API Testing Using RestAssured And Testkube

API Testing Using RestAssured And Testkube

Last updated
June 3, 2024
Bruno Lopes
Product Leader
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Modern applications adopt API-first design, which provides seamless communication between services and clients. This approach is becoming increasingly popular, where APIs are designed and developed before the implementation of the actual services. This ensures that APIs are treated as first-class citizens, fostering consistency, reusability, and scalability.

Ensuring the reliability and availability of these APIs is crucial, as they are the backbone of critical business processes. API testing helps validate these services and ensure they work as expected and meet the set standards. 

Considering the Java ecosystem, one popular tool for testing APIs is RestAssured. Tailored for the Java ecosystem, RestAssure is a popular tool for API testing. However, managing and executing these tests is complicated as we move towards containerized applications. 

In this post, we’ll examine these challenges and learn how to use RestAssured with Testkube for API testing. 


RestAssured is a Java tool for testing APIs using Java libraries. It integrates well with build tools like Maven and Gradle, making it easy to work with. It enables automation testing of APIs by allowing developers to send simple HTTP requests and focus solely on testing the API without worrying about anything else.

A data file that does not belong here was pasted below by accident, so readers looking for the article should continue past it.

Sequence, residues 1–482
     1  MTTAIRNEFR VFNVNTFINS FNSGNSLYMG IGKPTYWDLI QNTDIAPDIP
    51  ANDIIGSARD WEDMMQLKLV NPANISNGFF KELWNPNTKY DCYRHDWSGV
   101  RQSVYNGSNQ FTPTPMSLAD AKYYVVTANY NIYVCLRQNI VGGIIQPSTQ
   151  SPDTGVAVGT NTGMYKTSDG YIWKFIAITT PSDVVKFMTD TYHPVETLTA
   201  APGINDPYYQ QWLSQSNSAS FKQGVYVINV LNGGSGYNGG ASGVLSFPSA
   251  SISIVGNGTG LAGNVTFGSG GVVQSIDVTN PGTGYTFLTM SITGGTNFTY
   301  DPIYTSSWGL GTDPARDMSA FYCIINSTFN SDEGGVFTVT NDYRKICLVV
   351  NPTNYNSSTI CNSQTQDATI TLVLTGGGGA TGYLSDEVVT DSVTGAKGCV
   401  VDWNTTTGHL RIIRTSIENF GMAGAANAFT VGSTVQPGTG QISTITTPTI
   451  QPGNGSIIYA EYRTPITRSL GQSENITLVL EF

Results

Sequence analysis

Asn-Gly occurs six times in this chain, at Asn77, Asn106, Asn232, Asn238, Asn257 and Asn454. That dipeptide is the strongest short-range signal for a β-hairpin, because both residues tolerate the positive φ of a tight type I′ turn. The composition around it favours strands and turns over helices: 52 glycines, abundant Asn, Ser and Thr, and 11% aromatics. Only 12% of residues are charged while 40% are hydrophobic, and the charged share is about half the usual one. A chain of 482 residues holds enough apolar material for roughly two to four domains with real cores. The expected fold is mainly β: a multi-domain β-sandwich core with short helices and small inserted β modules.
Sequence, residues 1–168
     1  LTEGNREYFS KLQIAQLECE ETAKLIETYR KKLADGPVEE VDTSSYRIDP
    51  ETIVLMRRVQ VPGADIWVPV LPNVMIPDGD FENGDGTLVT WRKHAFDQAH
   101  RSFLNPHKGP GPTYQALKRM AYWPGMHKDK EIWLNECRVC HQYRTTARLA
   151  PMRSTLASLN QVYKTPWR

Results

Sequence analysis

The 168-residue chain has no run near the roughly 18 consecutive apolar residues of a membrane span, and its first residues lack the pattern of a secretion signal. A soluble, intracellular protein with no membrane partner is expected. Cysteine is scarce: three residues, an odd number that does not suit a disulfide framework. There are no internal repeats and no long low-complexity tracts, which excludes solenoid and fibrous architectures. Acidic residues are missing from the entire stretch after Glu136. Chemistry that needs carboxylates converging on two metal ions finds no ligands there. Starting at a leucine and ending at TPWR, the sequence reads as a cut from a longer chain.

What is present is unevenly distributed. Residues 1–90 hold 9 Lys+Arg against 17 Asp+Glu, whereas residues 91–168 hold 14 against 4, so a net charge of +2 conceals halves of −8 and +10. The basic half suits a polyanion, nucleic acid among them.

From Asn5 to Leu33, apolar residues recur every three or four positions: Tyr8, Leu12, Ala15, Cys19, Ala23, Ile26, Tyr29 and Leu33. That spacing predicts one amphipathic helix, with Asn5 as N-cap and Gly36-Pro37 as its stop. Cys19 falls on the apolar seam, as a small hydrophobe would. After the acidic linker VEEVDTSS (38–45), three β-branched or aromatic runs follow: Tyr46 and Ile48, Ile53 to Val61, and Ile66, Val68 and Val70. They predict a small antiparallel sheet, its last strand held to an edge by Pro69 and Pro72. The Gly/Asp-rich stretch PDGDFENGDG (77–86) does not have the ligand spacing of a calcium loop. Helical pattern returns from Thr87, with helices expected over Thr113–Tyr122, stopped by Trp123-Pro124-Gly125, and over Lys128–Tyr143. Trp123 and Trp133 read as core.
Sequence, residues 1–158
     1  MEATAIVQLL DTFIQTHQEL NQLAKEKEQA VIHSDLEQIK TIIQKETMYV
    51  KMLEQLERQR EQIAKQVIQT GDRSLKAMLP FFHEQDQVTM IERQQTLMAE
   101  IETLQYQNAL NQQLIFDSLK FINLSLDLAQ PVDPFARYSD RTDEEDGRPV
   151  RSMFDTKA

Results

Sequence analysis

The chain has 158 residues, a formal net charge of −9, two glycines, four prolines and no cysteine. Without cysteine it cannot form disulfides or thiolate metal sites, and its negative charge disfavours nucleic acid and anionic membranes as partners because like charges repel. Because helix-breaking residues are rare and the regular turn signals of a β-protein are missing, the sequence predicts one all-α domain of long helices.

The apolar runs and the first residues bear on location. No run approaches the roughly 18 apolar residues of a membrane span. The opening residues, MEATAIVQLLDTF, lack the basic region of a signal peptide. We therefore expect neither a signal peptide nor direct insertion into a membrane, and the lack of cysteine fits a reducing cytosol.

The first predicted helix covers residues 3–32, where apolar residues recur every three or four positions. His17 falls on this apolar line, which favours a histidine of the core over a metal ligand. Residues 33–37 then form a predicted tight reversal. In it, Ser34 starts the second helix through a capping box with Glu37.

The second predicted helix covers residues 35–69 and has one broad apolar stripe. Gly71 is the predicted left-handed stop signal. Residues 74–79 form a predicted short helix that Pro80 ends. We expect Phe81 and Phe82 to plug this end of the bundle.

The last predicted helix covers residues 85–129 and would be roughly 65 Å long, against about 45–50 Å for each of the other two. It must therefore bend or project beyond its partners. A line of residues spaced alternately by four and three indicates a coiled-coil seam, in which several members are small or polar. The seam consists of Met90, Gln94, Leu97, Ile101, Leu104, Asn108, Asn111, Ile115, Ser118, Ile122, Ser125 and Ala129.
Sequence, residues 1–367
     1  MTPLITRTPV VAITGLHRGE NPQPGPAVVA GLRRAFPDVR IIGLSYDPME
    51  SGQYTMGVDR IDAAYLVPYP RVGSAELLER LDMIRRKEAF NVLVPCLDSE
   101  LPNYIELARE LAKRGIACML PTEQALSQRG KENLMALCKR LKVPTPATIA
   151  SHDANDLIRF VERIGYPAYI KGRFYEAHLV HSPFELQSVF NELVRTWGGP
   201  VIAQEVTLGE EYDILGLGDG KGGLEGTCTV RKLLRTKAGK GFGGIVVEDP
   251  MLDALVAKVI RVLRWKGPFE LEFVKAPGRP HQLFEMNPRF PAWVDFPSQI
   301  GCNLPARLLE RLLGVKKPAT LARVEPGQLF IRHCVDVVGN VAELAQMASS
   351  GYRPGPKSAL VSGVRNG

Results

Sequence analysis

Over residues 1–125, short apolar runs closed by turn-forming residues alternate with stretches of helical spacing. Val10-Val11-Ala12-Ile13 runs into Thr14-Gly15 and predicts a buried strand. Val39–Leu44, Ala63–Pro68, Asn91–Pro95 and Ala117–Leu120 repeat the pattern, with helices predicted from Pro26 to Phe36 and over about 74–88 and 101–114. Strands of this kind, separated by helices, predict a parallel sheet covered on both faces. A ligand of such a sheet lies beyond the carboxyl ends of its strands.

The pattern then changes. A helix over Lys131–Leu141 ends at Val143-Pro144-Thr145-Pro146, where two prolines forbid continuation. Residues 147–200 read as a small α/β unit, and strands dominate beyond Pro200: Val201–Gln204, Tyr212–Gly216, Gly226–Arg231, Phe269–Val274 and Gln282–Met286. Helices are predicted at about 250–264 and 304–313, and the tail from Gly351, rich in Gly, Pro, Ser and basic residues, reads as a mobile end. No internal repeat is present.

Below are some noteworthy features of RestAssured:

  • RestAssured integrates easily with other testing frameworks, such as JUnit and TestNG, making it easier to include API tests along with other automated tests. 
  • It supports all HTTP methods, enabling you to perform complete testing of CRUD-based functionalities.
  • It has out-of-the-box support for XML and JSON. This means you can use features like XMLPath and JSONPath to extract variables from responses. 
  • There is a robust set of assertion methods to validate the responses.

You can read more about RestAssured here.

Challenges using RestAssured in Kubernetes

RestAssured is a powerful tool for testing APIs in CI pipelines and local environments. However, running these tests in a Kubernetes environment has different challenges. 

  • Setting up environments for tests with required dependencies and configurations can be complex. 
  • Managing and scaling tests based on the load in the Kubernetes cluster can be challenging. 
  • Avoiding interference, maintaining consistency, and running tests in isolation is problematic. 
  • Integrating with CI/CD tools and maintaining test artifacts and logs can be a painful process.

Let us see how Testkube helps overcome these challenges. 

Using RestAssured With Testkube

Testkube is a Kubernetes-native testing framework that allows you to create testing workflows in a declarative, version-controlled way. It integrates with most of the CI/CD tools and helps you automate the initiation, execution, and validation of tests as part of automated workflows. 

Testkube allows you to plug in any testing tool and leverage the power of Kubernetes. It converts your tests, test suites, and other artifacts into Kubernetes CRDs, allowing you to manage them declaratively. 

With Testkube, you can create Test Workflows that include everything from provisioning necessary infrastructure components to integrating seamlessly with other testing tools and orchestrating complex tests. Refer to our Test Workflows documentation to learn more. 

Let's examine how to use RestAssured with Testkube for API testing. We’ll create a Test workflow using Gradle and integrate RestAssure tests into it. This repo contains all the required files for this example.


Once the prerequisites are in place, you should have a target Kubernetes cluster ready with a Testkube agent configured. 

Creating a Test Workflow

Navigate to the Test Workflows tab and click on “Add a new test workflow”